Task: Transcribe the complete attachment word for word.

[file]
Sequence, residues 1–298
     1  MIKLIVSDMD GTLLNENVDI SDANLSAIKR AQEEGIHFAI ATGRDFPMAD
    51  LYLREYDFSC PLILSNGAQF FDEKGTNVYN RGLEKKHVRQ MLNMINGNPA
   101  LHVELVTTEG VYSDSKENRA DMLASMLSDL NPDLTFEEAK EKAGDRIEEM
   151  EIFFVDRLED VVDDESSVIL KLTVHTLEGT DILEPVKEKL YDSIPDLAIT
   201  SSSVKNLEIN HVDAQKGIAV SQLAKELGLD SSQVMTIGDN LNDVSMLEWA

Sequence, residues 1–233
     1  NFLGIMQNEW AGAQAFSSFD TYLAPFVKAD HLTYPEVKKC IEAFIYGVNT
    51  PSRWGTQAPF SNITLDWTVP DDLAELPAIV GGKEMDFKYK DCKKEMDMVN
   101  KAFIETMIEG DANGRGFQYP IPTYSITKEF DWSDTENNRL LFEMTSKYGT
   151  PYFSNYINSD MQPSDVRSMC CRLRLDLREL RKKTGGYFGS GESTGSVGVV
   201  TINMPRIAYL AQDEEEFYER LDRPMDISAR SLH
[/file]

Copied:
Sequence, residues 1–298
     1  MIKLIVSDMD GTLLNENVDI SDANLSAIKR AQEEGIHFAI ATGRDFPMAD
    51  LYLREYDFSC PLILSNGAQF FDEKGTNVYN RGLEKKHVRQ MLNMINGNPA
   101  LHVELVTTEG VYSDSKENRA DMLASMLSDL NPDLTFEEAK EKAGDRIEEM
   151  EIFFVDRLED VVDDESSVIL KLTVHTLEGT DILEPVKEKL YDSIPDLAIT
   201  SSSVKNLEIN HVDAQKGIAV SQLAKELGLD SSQVMTIGDN LNDVSMLEWA

Sequence, residues 1–233
     1  NFLGIMQNEW AGAQAFSSFD TYLAPFVKAD HLTYPEVKKC IEAFIYGVNT
    51  PSRWGTQAPF SNITLDWTVP DDLAELPAIV GGKEMDFKYK DCKKEMDMVN
   101  KAFIETMIEG DANGRGFQYP IPTYSITKEF DWSDTENNRL LFEMTSKYGT
   151  PYFSNYINSD MQPSDVRSMC CRLRLDLREL RKKTGGYFGS GESTGSVGVV
   201  TINMPRIAYL AQDEEEFYER LDRPMDISAR SLH